Why do we accept the hierarchy of football clubs?

architecture design floor football

Another post on some on football-related questions. The first one can be found here.

When Liverpool have a decent player, it seems inevitable that they will move to Real Madrid (Michael Owen, Steve McManaman and most regrettably Xabi Alonso),  Barcelona (Luis Suarez, Philipe Coutinho) or perhaps now Manchester City (Raheem Sterling).

Why are some clubs allowed to be so entitled and collectively allow this hierarchy to be embedded in our collective psyche? Why do we anoint a “Top 6” in the Premier League like it is a fixed thing?

It seems odd to me that we collectively accept that Morecambe Town or even Southampton will never reach the top of the pile.

Indeed, all the systems and structures around the game almost ensure that this will always be the case. We accentuate and further embed the hierarchy with a financial system that pays more the higher you finish. We allow marketing to ensure that the biggest clubs have access to the most fans and so the most money. We then link access to talent to wealth such that only a few clubs can afford the best players and smaller clubs cannot hold on to anyone with promise. We create “seedings” and “automatic qualifications” to ensure the biggest teams stay in tournaments until the end.

Even regulations perpetuate the elite:  Financial Fair Play stops the possibility of “financial doping”, the last remaining hope of challenging the hierarchy. Manchester City- or Chelsea-like spending is much harder now than it ever was.

Competition is ever decreasing. Most clubs know roughly where they will finish next season. Only 6 clubs truly have an aspiration to win the Premier League. Leicester’s incredible once-in-a-generation title win a couple of years ago was a considered a 5,000/1 shot (in a twenty team league) back then and the odds for a triumph of a newly promoted team are even wider now than they were then.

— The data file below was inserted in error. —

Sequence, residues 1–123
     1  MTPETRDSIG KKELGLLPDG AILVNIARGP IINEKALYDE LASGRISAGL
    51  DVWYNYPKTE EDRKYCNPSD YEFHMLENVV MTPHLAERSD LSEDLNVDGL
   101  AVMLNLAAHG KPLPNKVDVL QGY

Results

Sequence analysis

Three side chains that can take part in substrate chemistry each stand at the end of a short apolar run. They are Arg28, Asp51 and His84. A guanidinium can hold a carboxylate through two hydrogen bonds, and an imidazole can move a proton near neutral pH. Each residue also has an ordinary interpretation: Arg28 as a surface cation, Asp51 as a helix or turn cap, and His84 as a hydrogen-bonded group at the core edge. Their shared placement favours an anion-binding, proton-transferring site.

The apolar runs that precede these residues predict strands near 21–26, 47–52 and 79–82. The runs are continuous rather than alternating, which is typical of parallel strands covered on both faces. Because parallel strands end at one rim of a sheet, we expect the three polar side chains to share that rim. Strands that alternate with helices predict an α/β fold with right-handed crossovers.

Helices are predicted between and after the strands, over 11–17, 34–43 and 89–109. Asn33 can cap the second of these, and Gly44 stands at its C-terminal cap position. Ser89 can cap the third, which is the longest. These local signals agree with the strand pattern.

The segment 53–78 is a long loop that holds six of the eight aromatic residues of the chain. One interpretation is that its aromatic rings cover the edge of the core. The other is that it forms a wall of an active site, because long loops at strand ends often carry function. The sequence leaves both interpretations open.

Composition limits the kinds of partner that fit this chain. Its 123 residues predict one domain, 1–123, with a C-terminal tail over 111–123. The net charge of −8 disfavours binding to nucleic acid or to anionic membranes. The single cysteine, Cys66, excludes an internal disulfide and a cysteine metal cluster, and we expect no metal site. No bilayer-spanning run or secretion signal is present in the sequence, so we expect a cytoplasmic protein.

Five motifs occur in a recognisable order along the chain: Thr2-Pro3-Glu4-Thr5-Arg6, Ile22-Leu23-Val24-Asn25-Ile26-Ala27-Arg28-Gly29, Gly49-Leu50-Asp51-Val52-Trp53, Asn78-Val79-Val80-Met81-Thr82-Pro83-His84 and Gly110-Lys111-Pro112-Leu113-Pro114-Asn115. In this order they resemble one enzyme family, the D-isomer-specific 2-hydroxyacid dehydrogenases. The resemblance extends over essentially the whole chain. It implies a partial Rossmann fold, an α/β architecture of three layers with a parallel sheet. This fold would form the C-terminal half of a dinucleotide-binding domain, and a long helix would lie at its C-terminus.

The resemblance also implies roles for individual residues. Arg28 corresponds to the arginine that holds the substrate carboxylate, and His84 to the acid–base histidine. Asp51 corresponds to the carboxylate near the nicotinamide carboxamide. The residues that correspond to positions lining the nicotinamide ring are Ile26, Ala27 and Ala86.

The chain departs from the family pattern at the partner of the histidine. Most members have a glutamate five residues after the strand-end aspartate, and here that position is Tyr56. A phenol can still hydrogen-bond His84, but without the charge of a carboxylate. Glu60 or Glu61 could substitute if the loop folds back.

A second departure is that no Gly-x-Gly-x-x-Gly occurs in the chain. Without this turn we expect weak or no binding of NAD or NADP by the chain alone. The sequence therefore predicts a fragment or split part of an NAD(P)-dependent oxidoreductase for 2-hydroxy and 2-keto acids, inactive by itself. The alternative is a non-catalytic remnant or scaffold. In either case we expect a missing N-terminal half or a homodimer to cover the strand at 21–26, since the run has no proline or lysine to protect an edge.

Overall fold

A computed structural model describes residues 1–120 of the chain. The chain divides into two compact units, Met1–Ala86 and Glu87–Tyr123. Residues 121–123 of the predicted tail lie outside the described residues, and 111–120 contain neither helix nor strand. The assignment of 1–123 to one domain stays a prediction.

Globalisation means that European competition is dominated by the same few clubs that win leagues in England, Spain, Germany and France (interesting chart about halfway down this page if you’re interested.

Surely we should reverse this to stem the tide of ever decreasing competitiveness in the sport? Will there not come a point where people will switch off if there is no chance their team will win the league? Or will we just end up with each of us supporting one of the Big Six?

Even the ultra-capitalistic Americans have a socialist sporting system.

Then again, what is football but a mirror on society: the wealthier getting wealthier and the poor getting poorer. The wealthy then engaging in “charity” (my own club recently allowed all of the proceeds from a friendly with a local team much lower down the division to be kept by that club as a gesture) as if that makes the system ok.

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1 Comment

  1. Its like ‘trickle-down soccernomics’! Whilst the moral compass of the system is firmly pointed towards capitalism, the inequality will always remain. The system will always point to the marketplace as being the ultimate arbiter of price, as it is supposedly ‘fair’. But as you say, the inequality is perpetuated by the system, with each club understanding its position in the food chain and players working their way up to the bigger clubs.

    All the while competition is ruined (apart from the Big 6) and the tie to a football club becomes less heartstrings…and more pursestrings.

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